Clive Barker's Nightbreed movie - which was only his second feature film as director, after Hellraiser - didn't exactly rake in the dough when it was released in 1990. This was partly due to a studio that was looking for another slasher franchise and didn't know how to market what Barker gave them instead, and partly due to early movie reviews that didn't exactly dazzle potential audiences. It didn't help that the studio demanded extensive changes to the film, resulting in a theatrical release that was only 100 minutes long - when Barker's original vision had clocked in at more than two hours.
Over the years, Nightbreed's mythic parable of a close-knit tribe of creatures who live beneath a sprawling necropolis has attained a cult following - which is good, because it just might be Barker's masterpiece. While Hellraiser is intimate and claustrophobic, Nightbreed is sprawling and ambitious - and packed to the gills with monsters.
The film tells the story of Boone, a man who believes that something must be wrong with him, and dreams of a city called Midian, where even monsters find a home. When his therapist makes him believe that he is actually a serial slayer who has been targeting families for months, Boone begins an odyssey that ends with him inadvertently bringing down the city of Midian and helping the monsters within find a new home.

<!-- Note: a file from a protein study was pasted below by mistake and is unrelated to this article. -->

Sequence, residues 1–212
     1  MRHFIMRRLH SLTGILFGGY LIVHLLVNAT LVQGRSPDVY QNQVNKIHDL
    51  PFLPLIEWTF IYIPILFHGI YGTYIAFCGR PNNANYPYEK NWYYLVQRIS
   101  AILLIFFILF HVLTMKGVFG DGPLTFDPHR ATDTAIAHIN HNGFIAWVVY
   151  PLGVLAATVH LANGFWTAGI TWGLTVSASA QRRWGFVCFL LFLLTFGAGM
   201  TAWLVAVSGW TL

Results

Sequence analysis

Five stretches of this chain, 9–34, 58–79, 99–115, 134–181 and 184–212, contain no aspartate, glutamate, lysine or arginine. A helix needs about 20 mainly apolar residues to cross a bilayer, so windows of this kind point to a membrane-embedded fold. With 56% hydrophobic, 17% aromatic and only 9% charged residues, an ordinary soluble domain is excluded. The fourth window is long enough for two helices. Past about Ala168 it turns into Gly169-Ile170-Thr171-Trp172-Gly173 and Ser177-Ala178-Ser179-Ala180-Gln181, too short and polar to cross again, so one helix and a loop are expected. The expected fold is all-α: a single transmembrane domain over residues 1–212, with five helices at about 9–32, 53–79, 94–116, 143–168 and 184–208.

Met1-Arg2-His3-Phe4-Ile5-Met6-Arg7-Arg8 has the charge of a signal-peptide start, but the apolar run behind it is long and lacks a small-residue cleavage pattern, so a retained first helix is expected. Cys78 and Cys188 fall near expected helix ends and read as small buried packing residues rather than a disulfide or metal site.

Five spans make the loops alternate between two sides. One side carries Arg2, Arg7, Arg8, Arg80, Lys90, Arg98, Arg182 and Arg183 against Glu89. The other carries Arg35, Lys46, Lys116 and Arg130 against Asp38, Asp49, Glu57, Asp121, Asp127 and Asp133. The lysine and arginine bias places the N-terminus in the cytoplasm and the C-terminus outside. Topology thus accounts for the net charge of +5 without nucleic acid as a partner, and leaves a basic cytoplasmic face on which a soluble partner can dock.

It's also a love story, as Boone is pursued into exile by his girlfriend Lori, who braves the dangers of both Midian and the world of "naturals" in order to be by his side. Turning typical movie plotlines on their heads, Barker makes the monsters the good guys. It is the hypocritical, sadistic, and cruel humans who are the real villains here, led by Decker, Boone's therapist, who is actually the slayer that he wants people to think Boone is.
"I always think the whole thing about the 'lost tribe' is Biblical anyway," Barker said about the plot of Nightbreed, "as is the idea of a lost tribe being found and led to safety or salvation - or attempting to but failing as in this particular case..."
Those familiar with Barker's other works will probably not be surprised to find religious imagery being employed in the narrative - after all, Barker's bibliography includes books with titles like Sacrament and Galilee. "There's a kind of religious subtext, an iconographic thing going on," Barker said of all of his work.
In Nightbreed, the Biblical touches go beyond subtext. The name of Midian is, itself, drawn from the Bible, which we see in a scene where the drunken priest Ashberry quotes scripture about going to battle with Midian. At one point, Lylesburg, the leader of the 'Breed, is called Moses, and the 'Breed's broken god Baphomet is referred to as the Baptizer. Perhaps the most strikingly Biblical element of the film is the main plot of Boone, who rises after perishing, inadvertently brings disaster down on Midian, and ultimately delivers the surviving 'Breed from their oppressors.
In making Nightbreed, Barker wanted to create something that was just jammed to the absolute rafters with different monsters - what he called "a ride through the space between my ears, a trip through Clive Barker's skull."
"Nightbreed is a hymn to variegation," Barker said in the film's press kit. "No 'Breed looks like any other 'Breed. In the same way the cantina sequence in Star Wars worked the first time you saw it, I want audiences to have the impression that there is this great gathering of creatures and they are never quite sure they've seen them all."